Thousands gathered in the Tunisian capital Thursday to mark the fifth anniversary of ousting President Zine El Abidine Ben Ali in the uprising that inspired the Arab Spring.

Tunisians thronged Habib Bourguiba Avenue, the main thoroughfare in central Tunis and the epicenter of the revolution.

Some attended political rallies, chanting revolutionary slogans like “Work! Freedom! Dignity!” and waving Tunisian flags, while others listened to concerts or reminisced about the uprising.

For many the anniversary raised mixed feelings, with fierce pride at the revolution tempered by concerns over continued economic problems and a rise in “jihadist” violence.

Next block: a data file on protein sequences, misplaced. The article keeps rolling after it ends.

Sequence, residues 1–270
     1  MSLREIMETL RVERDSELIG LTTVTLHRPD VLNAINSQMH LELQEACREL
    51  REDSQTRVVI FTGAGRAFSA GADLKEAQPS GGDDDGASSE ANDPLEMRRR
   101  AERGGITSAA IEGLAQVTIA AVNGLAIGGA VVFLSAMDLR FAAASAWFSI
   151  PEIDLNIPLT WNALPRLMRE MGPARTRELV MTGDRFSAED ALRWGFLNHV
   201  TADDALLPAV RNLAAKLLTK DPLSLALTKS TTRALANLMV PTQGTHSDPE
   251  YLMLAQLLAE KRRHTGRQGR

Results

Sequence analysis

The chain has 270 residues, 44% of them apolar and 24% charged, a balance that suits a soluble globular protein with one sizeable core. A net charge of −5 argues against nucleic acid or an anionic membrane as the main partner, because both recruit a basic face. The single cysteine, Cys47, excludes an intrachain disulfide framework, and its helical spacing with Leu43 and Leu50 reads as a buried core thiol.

“The revolution did not help me in any way — prices went up, many young people are still marginalized,” Latifa, a 40-year-old seamstress, told AFP.

“But I came to celebrate anyway, because the revolution brought us some democracy, and that’s important.”

There was a heavy police presence at Thursday’s celebrations, after Tunisia suffered a wave of deadly “jihadist” attacks last year.

Ben Ali stepped down on January 14, 2011 after tens of thousands of Tunisians took to the streets to oppose his 23-year rule, and fled to exile in Saudi Arabia, where he remains.

The revolution inspired similar uprisings in Egypt, Syria, Libya, Yemen and other Arab countries but only Tunisia is considered a success story of the Arab Spring.

 

Manar

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